- Pop the testicles through the incision and pull on them slightly. Pull each testicle out pressing your thumb against the pelvis of the piglet. Use of your thumb is very important to ensure the cord will break off at the point of your thumb and not from deeper inside the piglet’s body. Otherwise you may cause a hernia.
- Alternatively place the piglet’s head between your legs after you have made the incisions, grab each testicle and cut the cord close to the incision with a scraping motion. Also cut any cord or tissue protruding from the incision and spray the wound with an antiseptic.
Castration Method for One Person Using Side Cutters.
This technique is best performed on piglets between four and 10 days of age. There is little or no bleeding with this method.
- Hold the piglet between your legs with the belly outward.
- Use your index finger or whichever is comfortable to use to push up on one testicle to make it more pronounced. The resulting fold of skin is where the incision is made.
- Position disinfected side cutters about two thirds of the way into the fold and make a cut directly through the scrotal tissue (right of the midline). Make a similar incision through the scrotal tissue, but to the left of the midline.
- Pop the testicles out through the incisions by pinching your thumb and index finger together. Press very firmly with your index finger against the pelvis of the piglet in front of the scrotum and pull the testicles out with the side cutters.
- Use of your index finger is very important to ensure the cord will break off at the point of your index finger and not from deeper inside the piglet’s body. Otherwise you may cause a hernia.
- Care is taken to avoid cutting through the cords beneath the testicle.
- Remove any loose cord tissue left outside the incision. Nothing but the disinfected side cutters touches the exposed tissue.
- Spray the wound with an antiseptic.
Castration Method for Two People Using a Knife
- One person holds the piglet by the rear legs while another does the castrating.
- With one hand tighten the skin over the scrotum to help expose the testicle and the site for the incision.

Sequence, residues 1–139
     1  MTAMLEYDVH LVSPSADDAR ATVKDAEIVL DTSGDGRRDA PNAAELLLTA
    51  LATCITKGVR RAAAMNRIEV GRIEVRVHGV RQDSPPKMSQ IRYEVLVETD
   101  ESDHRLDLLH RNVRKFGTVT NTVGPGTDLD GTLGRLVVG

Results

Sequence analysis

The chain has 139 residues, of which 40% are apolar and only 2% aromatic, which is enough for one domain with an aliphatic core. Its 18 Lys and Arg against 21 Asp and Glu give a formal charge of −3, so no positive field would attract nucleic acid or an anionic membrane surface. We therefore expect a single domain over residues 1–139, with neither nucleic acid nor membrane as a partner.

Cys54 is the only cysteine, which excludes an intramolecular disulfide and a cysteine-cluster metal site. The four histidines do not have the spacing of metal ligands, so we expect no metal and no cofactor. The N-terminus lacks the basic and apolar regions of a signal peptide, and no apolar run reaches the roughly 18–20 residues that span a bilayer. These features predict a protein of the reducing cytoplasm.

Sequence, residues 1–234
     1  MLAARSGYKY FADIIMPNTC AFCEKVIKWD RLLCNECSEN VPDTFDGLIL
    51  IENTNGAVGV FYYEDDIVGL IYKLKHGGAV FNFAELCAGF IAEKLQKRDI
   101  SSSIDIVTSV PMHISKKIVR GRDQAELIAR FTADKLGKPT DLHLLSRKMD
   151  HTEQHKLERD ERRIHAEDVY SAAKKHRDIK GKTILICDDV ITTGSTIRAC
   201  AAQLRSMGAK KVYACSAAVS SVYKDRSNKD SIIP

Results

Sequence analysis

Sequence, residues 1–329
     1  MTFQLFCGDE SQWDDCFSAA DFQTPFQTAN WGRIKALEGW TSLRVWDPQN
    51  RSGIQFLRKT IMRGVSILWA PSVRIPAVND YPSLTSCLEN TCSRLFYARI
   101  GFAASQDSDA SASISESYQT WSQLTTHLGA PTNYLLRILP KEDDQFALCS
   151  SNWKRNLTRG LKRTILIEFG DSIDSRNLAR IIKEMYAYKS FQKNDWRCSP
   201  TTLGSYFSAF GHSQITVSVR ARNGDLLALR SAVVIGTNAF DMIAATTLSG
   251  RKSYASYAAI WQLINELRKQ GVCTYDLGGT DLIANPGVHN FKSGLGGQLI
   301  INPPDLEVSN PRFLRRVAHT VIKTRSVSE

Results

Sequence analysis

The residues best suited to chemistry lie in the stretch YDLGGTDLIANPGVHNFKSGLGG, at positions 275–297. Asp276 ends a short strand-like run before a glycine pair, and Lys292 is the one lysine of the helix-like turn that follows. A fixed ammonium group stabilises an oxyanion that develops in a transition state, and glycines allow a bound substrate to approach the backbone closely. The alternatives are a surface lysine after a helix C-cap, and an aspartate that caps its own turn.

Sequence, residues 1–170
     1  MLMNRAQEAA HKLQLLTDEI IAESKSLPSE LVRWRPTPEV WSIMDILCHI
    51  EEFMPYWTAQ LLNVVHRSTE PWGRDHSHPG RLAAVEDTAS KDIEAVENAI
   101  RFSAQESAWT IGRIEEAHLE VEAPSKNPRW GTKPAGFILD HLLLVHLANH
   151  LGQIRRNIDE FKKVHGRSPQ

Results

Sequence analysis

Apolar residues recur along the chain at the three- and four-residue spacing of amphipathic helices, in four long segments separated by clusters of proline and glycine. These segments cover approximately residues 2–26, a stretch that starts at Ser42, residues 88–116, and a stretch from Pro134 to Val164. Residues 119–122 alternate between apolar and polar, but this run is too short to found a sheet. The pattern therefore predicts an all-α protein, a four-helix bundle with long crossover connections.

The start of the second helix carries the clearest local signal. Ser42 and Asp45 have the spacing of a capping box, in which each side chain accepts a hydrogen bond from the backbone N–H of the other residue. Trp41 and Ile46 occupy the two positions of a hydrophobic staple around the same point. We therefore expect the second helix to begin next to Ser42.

- With the castration knife make two incisions about as long as the testicles near the center of each. Cut deeply enough to go through the outside body skin. It does not matter whether you cut through the white membrane (tunica vaginalis) which surrounds the testicle or not.
- Squeeze or pop the testicles through the incision. Enlarge the incision slightly at the end closest to the tail if the testicle will not pop out.
- Pull out the end of the testicle which is toward the tail at a right angle to the length of the body and cut the cord close to the incision. Do not pull straight up on the testicle. Repeat the procedure for the second testicle.
- Spray the wound with an antiseptic.
- Observe castrated animals for excess bleeding or the presence of tissue or intestines (hernia). Apply pressure to the wound for about two minutes to stop any bleeding.
- Cut off any cord that may be protruding from the incision as this may serve as a wick for infection but make sure it is not intestine.
- If intestines protrude and they are black or torn it is usually best to euthanize the piglet. If the problem was recognized promptly after the intestines came out it is possible to save the piglet.
- First gently clean the intestines with clean warm water containing a surgical disinfectant and push them back through the opening holding the piglet’s head down by its rear legs. Close up by suturing the tunica vaginalis (white membrane which surrounds the testicle). If a skilled professional is not available to suture the tunica vaginalis, simply suture the castration incision closed to allow time for a skilled surgeon to repair the hernia properly a few hours later. If a skilled surgeon is not available in a few hours the piglet should be euthanized. It is much easier to replace the intestines if the tunica vaginalis covering the testicle is not removed during castration. Administer an antibiotic after surgery.